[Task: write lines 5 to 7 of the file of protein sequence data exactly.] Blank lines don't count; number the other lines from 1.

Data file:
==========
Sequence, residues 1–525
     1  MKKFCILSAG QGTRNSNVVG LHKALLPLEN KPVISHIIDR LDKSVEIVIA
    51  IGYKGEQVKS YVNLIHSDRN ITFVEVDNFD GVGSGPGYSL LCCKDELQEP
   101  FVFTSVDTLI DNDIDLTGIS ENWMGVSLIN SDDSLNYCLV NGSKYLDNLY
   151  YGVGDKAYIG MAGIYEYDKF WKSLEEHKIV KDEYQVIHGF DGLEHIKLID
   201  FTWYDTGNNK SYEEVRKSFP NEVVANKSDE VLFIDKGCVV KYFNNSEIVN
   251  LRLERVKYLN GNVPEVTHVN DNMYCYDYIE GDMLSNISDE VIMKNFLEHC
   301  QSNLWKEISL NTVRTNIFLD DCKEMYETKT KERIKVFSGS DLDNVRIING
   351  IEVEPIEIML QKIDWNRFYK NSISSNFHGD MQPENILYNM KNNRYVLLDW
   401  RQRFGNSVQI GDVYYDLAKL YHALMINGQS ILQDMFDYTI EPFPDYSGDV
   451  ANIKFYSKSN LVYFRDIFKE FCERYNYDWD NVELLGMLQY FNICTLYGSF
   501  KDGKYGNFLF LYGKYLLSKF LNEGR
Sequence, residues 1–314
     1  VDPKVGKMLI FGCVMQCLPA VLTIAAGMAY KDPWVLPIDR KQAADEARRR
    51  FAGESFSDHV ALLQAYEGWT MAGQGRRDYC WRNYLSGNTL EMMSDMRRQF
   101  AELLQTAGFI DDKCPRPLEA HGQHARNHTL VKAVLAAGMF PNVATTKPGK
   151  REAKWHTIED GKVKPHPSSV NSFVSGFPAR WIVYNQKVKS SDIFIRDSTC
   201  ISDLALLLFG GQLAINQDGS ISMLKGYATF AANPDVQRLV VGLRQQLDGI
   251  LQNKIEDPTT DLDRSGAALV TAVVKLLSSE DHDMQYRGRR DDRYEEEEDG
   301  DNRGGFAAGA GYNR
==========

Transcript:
   151  YGVGDKAYIG MAGIYEYDKF WKSLEEHKIV KDEYQVIHGF DGLEHIKLID
   201  FTWYDTGNNK SYEEVRKSFP NEVVANKSDE VLFIDKGCVV KYFNNSEIVN
   251  LRLERVKYLN GNVPEVTHVN DNMYCYDYIE GDMLSNISDE VIMKNFLEHC